Housing Options for Older Adults

By Wesley E. Wright and Molly Dear Abshire, as published in the Houston Chronicle Senior Living Section on May 1, 2002.

Elder law attorneys are often faced with introducing older clients to housing options available in the community. The types of housing differ depending on the community the client seeks to live in. It is generally accepted by those in a position to advise such clients that the overall goal should be to try to allow the older person to live in the least restrictive environment possible. The person's medical condition and ability to accomplish various activities of daily living (ADLs) will factor into in this decision. Let's consider a person's possibilities in light of these points beginning with the least restrictive environment first, and progressing toward more restrictive arrangements.

Most people will want to stay at home as long as possible. Planning in advance is the key. Staying at home can be financially challenging if sitters or nurses are required, especially if the person hopes to stay there long-term. Maximizing personal investments and community assistance or having a long-term care policy which covers home care, may be part of the solution. However, be aware that some people learn that there is a price to pay for staying at home. Some people experience invasion of privacy feelings because of the presence of the attendants hired to help in the home. You may end up wishing you had moved somewhere else as opposed to this complication.

The cost of 24 hour care can be formidable, quickly reaching $60,000-$80,000 per year. For those who have children or a spouse as a caregiver, issues may arise regarding the continuing ability of the caregiver to care for a family member on a long-term basis. Eventually, it is not uncommon for a spouse-caregiver to get sick, or even reduce their own life expectancy, trying to care for the other spouse beyond the time which they should have.

Supplementing a person's care with public benefits may help extend the person's ability to stay at home. Services furnished by programs which are funded through Title III of the Elder Americans Act, such as Meals-on-Wheels, bathing or limited home health services, adult day care and care management services, should be considered. Information regarding these resources can be sought from organizations such as your local Agency on Aging, and the Alzheimer's Association in your community.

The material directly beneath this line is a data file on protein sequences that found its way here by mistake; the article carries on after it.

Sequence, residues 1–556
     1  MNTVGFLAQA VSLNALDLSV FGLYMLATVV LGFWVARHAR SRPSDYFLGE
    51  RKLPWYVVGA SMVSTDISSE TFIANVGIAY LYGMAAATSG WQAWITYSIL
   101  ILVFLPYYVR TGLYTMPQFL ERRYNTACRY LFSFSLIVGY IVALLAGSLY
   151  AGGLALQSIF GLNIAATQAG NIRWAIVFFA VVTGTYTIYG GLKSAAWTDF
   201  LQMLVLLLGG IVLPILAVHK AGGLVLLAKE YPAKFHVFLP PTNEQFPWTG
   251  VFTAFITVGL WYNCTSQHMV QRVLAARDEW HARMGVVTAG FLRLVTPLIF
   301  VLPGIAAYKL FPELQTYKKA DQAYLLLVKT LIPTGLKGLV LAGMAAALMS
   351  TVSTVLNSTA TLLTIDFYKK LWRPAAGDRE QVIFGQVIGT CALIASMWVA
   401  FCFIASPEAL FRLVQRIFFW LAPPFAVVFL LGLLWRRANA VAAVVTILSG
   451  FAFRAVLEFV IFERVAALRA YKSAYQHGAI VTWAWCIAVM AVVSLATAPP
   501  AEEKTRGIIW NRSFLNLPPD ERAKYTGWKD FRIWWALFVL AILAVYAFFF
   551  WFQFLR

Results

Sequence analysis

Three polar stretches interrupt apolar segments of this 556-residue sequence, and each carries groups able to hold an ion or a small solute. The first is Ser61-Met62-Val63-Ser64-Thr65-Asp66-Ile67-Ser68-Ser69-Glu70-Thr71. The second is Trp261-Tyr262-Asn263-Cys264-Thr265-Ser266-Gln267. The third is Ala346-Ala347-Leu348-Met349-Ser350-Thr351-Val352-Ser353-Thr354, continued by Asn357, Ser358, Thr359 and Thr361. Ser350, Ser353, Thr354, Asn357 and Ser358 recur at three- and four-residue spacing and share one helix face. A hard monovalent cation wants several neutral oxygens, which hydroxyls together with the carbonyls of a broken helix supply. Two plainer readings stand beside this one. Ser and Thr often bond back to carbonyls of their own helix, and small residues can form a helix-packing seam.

Other ways of extending the stay at home would include electronic devices for calling medical help and modifications to the home for the accessibility of disabled persons. Sometimes downsizing the home, or moving to a retirement community which focuses on persons 55 years of age or over, helps. Another option for living may include moving in with a relative, such as a son or a daughter. If staying at home is not a viable option, then other arrangements such as foster care, may be available. This is a social program which places a person into the home of a willing family. These programs vary in costs and are not available in every community.

Congregate care living usually means living in groups such as apartments with usually one or more daily group meals served centrally. This type of living is sometimes subsidized by federal housing programs.

Room and board facilities, or personal care homes, are available in most communities and are operated by individuals, married couples and companies. They provide room and board and usually some oversight and assistance with an individual's ADLs. Larger facilities of these types are usually referred to as assisted living. Then there are Continuing Care Retirement Communities (CCRC's) that provide shelter, health and support services usually for a large entrance fee, and monthly fees as well.

Finally, the person may require nursing facility care. Although no one ever wants to go to a nursing facility, we should all consider a plan for such just in case.